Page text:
What can TV teach L&D? Season 2 Ep. 6 – Breaking Bad

Here is a transcript of Season 2 Ep.6 – Breaking Bad.

Hi everyone, my name’s Tom Hickmore and in this episode of “What can TV teach L&D?” I’m looking at Breaking Bad.

I make drama for learning, so I’m taking popular TV drama and looking at it with an analytical eye, asking “What can we learn from this that we can be applied in the field of learning and development?”

The lovely Craig Taylor challenged me to explain the relevance of a tale of drug dealing, money and murder to a corporate culture.  It’s obvious, isn’t it?  It’s all about character. 

The series begins with Walter White inexplicably driving a motorhome in his underpants.  He crashes and, with sirens blaring in the background, leaves a video message for his family.

Funnily enough, this self-recording notion is an oft-used, low-budget device in L&D.  And it’s a great way to set up this character as well as this story.  But the whole pilot episode is designed to set up this character. 

We see Walter at his 50th birthday party, where he’s humiliated by his brother-in-law. 

Then at work, teaching chemistry to uninterested school kids. 

Walter has a disabled son and a child on the way. To make ends meet he has a second job at a car wash.  Whose car should he end up cleaning but that of his worst pupil.

It’s not long before poor Walter collapses … and is dragged off to hospital.  Where he is diagnosed with lung cancer.

Back at work, Walt has a meltdown. But he mentions nothing of this to his wife.  Instead, he rides along to a drug bust with his cop brother-in-law.  He’s intrigued by how much money there is in the drug trade. 

Left in the car when the cops enter the house, Walter spots his ex-pupil, Jesse, making a run for it.  Jesse, he realises, is the one they’re after!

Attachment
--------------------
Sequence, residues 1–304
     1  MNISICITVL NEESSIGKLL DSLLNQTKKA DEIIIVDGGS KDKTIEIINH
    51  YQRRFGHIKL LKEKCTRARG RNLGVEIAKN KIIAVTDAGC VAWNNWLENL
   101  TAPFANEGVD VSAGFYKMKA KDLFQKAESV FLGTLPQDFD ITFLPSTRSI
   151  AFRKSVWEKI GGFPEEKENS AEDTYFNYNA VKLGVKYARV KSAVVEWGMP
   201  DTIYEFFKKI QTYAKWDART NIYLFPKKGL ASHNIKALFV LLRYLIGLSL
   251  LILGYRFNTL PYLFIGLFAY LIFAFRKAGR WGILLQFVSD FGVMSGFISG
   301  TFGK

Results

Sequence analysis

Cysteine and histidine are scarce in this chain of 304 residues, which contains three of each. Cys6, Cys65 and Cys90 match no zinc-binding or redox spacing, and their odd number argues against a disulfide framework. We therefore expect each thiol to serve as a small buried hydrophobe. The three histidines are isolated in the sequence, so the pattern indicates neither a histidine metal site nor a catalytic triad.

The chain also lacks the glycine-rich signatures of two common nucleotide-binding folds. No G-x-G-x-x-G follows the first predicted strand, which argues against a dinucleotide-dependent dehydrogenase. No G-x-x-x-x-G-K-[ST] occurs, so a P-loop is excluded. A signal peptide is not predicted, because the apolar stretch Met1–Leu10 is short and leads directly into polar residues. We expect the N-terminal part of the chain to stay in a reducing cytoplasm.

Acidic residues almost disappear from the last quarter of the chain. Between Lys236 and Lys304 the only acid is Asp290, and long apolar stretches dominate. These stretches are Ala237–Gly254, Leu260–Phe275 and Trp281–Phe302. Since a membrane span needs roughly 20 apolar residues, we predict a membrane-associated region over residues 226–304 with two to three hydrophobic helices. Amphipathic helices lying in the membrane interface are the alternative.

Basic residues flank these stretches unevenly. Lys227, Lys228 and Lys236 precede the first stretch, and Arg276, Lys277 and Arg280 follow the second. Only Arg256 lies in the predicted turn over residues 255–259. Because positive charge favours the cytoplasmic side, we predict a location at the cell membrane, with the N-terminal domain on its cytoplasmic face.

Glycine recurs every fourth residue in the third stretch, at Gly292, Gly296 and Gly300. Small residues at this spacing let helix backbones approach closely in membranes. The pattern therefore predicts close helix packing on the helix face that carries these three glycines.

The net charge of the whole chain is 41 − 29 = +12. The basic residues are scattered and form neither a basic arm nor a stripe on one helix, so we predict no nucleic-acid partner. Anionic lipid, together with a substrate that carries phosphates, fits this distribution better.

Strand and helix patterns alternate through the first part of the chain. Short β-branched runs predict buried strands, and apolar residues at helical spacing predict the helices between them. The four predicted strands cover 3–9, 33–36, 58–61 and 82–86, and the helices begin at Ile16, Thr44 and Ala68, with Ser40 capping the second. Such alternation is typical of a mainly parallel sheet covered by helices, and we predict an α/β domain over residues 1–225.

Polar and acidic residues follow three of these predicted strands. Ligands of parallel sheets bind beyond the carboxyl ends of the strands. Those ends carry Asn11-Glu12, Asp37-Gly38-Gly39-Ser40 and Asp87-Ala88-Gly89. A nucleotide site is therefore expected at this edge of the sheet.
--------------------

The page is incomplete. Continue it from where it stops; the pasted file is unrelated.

Instead of giving Jesse away, Walter visits him at home. When his new business partner asks Walter why he’s doing this, he says:

Now, when some idiot boys take the piss out of his disabled son, he attacks them!  His character is turning, and we empathise. 

This whole narcotic manufacturing thing leads to a dealer threatening to kill Walter

Walter is a teacher – it’s core to his character. Now he uses chemistry to escape and to kill these drug dealers. Now he’s a murderer – and we’re still rooting for him! 

At the end of this transformation, Walter finds his mojo with his wife again

Now, that is one brilliant construction of a character.  And character is how this drama keeps audience attention.  This sequence created a character that sustains and builds for 5 seasons!

In L&D we can feel inhibited about creating strong characters because, after all, we are writing about ordinary people like you and me.  But drama needs characters who are flawed and who make mistakes, not simply because they are interesting, but because if everyone’s perfect there’s no story. 

Naturally, large organisations have a fear of representing their staff as anything less than perfect.  Character is the key to this.  To make a flawed character empathic, show us their motivation.  A person at work might cut corners and not follow the rules – if they are stressed.  Show us the reason for their stress.  Make that part of your story. 

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